Microsoft has strenuously denied claims it works with a surveillance firm that monitors China’s persecuted Muslim population.
The US software giant declined the opportunity to deny the existence of an alleged partnership with SenseNets, in light of claims made on the Shenzhen-based firm’s website, before NS Tech published this story on Thursday (14 March).
But a Microsoft spokesperson has since said that it is not involved in a partnership with the company and that SenseNets used its logo online without its permission. “We have asked for it to be removed,” the spokesperson added.
SenseNets suffered a data breach last month which revealed it was tracking the whereabouts of more than 2.5 million people in the predominantly Muslim Xinjiang region.
The revelations came as China faces international condemnation for its treatment of the Uyghur people in Xinjiang, with reports that up to 1.5 million Muslims may have been detained in so-called “re-education centres” in the region.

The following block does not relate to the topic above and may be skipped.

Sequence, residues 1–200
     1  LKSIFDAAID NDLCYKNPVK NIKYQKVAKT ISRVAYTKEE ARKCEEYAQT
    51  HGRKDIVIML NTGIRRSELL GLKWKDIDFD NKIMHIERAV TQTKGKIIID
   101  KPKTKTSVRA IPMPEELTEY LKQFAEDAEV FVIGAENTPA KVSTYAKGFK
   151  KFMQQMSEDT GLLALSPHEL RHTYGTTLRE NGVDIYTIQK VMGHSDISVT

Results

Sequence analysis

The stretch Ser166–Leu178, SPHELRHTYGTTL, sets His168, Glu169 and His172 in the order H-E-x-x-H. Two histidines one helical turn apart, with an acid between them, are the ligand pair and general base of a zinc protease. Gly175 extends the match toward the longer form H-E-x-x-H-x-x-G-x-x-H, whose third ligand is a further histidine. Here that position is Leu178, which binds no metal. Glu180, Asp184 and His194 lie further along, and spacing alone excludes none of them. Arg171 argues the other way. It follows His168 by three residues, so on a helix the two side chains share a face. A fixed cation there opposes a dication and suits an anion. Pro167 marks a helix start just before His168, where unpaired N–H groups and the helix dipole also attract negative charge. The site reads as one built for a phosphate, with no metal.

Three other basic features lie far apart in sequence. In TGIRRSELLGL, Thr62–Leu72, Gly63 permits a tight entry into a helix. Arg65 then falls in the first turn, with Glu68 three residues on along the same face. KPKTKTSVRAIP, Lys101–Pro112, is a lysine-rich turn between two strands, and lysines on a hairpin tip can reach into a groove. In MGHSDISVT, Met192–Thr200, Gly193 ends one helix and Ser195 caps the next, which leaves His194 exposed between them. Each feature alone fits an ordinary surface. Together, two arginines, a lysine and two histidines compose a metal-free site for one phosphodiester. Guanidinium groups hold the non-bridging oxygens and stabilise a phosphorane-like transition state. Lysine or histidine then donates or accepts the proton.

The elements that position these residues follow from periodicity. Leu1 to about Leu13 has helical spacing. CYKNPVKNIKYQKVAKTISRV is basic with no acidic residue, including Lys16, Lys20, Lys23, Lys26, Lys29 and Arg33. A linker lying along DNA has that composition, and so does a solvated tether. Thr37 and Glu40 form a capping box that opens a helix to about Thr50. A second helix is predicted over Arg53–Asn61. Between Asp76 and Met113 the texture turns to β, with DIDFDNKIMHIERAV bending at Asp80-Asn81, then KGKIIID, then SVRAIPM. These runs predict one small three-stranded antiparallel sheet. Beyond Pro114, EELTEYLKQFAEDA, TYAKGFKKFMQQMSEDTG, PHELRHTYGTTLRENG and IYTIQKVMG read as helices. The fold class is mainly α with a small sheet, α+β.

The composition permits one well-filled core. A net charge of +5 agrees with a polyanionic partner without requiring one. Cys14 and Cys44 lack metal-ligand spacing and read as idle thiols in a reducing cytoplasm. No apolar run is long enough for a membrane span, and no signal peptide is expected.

Microsoft has attempted to position itself as an ethical provider of facial recognition software in recent months. Microsoft CEO Satya Nadella called in January for governments to regulate the technology and prevent a “race to the bottom” among suppliers.
Nadella’s comments came just weeks after Microsoft president Brad Smith warned that “a government could use facial recognition technology to enable continuous surveillance of specific individuals”.
Microsoft is one of very few technology companies permitted to operate in China. While access to Google and Facebook is restricted by the Chinese firewall, it is possible to use Microsoft’s cloud service, as well as LinkedIn.
SenseNets did not immediately respond to a request for comment.
Update: this story has been updated to include Microsoft’s statement.